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Identification of Subpopulations That Are Sensitive to Ozone Exposure: Use of End Points Currently Available and Potential Use of Laboratory-Based End Points under Development
Robert B. Devlin
Environmental Health Perspectives
Vol. 101, Supplement 4: Environmental Epidemiology (Dec., 1993), pp. 225-230
Published by: The National Institute of Environmental Health Sciences
Stable URL: http://www.jstor.org/stable/3431684
Page Count: 6
You can always find the topics here!Topics: Ozone, Lungs, Epidemiology, Humans, Inflammation, Biological markers, Lesions, Microscopy, Pulmonary alveoli, Environmental health
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A number of epidemiological studies have attempted to assess the effect of recurrent ozone exposure in humans. For the most part, they have failed to document convincingly an association between chronic ozone exposure and differences in lung function performance or respiratory symptoms. This is not surprising given the small respiratory effects observed in animals chronically exposed to ozone and assuming that people with abnormal respiratory function resulting from other occupational or environmental exposures, such as tobacco smoke, would make up a much larger percentage of the population than people with respiratory effects attributable to ozone. Therefore, either more sensitive end points must be developed to detect subtle changes due to chronic ozone exposure, or ways of selecting subpopulations that are especially sensitive to ozone must be devised. It has been well documented that there are large and reproducible differences in the acute response of individuals to ozone as measured by pulmonary function tests. Recently, it has also been shown that there are large differences in the acute response of individuals to ozone as measured by inflammatory and other biochemical parameters. This paper discusses the problems of selecting individuals who are sensitive to ozone depending on the end point chosen. It also describes potential new sensitive end points that might be available for ozone epidemiology studies in the near future.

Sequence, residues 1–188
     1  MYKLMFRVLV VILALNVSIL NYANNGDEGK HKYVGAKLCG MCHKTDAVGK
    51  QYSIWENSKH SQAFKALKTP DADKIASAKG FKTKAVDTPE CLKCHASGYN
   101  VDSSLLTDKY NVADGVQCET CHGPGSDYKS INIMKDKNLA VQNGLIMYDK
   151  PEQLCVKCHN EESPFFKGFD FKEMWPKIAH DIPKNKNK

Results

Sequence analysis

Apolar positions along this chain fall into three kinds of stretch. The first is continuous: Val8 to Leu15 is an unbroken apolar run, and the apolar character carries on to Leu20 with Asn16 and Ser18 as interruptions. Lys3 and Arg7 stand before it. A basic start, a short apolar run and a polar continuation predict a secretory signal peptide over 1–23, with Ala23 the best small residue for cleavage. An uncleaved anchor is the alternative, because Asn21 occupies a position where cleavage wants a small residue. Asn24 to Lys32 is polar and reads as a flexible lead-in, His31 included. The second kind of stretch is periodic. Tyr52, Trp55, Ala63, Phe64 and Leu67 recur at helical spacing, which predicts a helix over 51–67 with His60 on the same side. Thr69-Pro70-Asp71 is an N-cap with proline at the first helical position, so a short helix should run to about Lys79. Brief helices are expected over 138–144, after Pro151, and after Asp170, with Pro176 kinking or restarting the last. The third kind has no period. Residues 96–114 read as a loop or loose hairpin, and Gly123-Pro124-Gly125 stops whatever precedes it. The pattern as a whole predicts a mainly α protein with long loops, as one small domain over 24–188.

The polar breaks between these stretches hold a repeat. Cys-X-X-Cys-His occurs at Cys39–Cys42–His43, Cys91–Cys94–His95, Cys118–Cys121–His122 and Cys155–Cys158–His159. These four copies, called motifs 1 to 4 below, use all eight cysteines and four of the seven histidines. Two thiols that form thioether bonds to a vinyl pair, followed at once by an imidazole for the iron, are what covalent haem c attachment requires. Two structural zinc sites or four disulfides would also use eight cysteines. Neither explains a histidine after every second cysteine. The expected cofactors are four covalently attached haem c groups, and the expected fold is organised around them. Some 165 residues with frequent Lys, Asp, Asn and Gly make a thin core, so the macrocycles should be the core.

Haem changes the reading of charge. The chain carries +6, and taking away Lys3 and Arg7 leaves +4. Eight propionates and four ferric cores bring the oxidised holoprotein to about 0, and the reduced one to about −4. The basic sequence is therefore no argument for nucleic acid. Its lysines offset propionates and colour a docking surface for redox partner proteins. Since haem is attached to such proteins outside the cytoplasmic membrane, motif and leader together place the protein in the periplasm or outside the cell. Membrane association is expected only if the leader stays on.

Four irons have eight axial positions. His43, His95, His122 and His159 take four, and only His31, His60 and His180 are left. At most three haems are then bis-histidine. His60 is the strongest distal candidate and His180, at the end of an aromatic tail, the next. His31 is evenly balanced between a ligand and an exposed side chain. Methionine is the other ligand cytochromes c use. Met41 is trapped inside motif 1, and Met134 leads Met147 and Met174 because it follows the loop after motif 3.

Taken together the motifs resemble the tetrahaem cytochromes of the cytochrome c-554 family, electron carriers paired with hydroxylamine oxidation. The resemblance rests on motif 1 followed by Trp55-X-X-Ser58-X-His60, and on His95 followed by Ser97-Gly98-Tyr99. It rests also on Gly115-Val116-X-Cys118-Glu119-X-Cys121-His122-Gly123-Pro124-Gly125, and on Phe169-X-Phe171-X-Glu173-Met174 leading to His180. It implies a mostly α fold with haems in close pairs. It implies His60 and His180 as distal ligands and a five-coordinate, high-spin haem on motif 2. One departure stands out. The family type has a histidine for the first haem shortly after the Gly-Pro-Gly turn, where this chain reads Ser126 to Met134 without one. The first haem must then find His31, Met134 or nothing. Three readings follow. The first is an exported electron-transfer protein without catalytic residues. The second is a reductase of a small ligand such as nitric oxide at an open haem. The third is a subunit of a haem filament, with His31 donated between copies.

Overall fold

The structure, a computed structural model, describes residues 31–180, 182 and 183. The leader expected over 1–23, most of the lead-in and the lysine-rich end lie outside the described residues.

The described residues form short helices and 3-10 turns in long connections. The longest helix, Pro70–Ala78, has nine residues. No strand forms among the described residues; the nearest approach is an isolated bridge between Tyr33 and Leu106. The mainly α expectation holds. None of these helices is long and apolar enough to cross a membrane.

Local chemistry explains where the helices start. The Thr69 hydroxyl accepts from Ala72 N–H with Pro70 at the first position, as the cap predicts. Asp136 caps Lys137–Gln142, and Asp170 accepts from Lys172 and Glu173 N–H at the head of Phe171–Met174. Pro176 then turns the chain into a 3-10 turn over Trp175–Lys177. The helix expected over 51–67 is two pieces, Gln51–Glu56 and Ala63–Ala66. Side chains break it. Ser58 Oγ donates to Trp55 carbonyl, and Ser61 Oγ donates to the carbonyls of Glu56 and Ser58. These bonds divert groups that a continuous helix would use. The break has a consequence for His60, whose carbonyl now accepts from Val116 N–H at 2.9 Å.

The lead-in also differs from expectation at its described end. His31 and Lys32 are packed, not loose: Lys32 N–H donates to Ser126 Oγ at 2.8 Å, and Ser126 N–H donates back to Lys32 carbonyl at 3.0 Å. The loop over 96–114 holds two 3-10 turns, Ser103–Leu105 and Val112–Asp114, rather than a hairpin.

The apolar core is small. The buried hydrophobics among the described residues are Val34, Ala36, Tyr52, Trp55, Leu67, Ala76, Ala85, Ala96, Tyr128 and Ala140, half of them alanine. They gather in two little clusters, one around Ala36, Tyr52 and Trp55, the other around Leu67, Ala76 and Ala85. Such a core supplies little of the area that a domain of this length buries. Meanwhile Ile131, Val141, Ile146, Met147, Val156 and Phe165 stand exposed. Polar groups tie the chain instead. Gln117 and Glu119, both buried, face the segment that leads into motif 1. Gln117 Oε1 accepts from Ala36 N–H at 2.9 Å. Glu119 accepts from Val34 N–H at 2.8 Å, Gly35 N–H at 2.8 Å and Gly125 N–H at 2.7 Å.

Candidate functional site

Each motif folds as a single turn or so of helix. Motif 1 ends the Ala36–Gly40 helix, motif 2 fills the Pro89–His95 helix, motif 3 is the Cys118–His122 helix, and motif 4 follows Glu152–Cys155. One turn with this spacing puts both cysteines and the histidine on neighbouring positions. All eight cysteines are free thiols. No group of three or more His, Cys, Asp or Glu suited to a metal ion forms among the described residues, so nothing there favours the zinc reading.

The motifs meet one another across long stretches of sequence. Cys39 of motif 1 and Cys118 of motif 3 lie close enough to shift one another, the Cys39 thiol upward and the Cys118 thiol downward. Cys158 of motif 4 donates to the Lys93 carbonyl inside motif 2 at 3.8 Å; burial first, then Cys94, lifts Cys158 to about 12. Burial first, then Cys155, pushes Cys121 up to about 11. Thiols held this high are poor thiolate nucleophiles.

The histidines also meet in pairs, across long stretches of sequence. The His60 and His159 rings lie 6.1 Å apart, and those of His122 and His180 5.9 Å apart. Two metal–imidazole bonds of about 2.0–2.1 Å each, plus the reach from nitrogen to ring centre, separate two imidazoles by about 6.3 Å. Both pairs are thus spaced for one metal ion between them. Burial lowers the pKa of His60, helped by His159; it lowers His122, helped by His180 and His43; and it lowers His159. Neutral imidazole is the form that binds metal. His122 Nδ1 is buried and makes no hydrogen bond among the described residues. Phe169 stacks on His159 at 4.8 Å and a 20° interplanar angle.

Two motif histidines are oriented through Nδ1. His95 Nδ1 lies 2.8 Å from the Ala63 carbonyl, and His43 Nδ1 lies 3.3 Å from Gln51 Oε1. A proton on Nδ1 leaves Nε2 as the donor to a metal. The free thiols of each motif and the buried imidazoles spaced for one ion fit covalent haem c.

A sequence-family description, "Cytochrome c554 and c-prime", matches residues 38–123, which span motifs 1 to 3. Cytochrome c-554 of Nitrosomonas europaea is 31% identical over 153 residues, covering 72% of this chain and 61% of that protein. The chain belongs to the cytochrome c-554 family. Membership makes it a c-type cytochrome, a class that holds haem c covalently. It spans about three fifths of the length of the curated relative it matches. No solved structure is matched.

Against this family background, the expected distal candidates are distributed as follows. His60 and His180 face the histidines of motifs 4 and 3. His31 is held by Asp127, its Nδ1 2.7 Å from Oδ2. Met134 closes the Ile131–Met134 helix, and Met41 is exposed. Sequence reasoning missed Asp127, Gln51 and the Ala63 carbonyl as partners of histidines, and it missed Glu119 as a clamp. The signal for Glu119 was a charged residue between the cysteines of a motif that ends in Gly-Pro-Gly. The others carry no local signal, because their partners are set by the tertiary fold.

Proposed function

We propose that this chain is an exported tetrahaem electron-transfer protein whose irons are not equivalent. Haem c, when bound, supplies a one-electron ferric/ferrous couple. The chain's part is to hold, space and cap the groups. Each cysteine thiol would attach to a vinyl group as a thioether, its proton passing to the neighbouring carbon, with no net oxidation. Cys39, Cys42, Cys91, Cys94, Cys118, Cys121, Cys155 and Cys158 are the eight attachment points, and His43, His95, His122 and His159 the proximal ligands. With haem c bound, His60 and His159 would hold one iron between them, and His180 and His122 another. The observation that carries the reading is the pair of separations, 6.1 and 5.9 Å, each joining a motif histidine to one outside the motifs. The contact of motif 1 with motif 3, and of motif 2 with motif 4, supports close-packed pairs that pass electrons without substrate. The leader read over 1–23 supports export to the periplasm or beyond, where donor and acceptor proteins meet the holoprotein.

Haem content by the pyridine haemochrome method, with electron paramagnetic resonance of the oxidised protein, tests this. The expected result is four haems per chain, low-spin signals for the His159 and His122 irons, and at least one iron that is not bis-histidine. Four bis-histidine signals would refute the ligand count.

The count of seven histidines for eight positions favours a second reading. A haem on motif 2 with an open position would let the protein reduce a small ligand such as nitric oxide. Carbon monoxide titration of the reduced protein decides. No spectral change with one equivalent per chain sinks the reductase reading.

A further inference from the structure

Environmental Health Perspectives © 1993 The National Institute of Environmental Health Sciences